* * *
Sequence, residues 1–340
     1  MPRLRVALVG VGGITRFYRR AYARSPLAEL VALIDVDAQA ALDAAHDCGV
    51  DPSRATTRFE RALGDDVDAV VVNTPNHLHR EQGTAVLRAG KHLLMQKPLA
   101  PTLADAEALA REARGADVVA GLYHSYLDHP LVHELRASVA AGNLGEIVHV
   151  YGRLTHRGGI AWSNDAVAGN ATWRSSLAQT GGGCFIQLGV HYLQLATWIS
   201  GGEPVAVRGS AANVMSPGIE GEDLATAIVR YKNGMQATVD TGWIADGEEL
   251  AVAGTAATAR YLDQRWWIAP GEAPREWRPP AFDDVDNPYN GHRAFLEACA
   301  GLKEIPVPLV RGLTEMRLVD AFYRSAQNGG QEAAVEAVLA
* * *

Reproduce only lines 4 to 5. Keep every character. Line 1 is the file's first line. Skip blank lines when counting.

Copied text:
   101  PTLADAEALA REARGADVVA GLYHSYLDHP LVHELRASVA AGNLGEIVHV
   151  YGRLTHRGGI AWSNDAVAGN ATWRSSLAQT GGGCFIQLGV HYLQLATWIS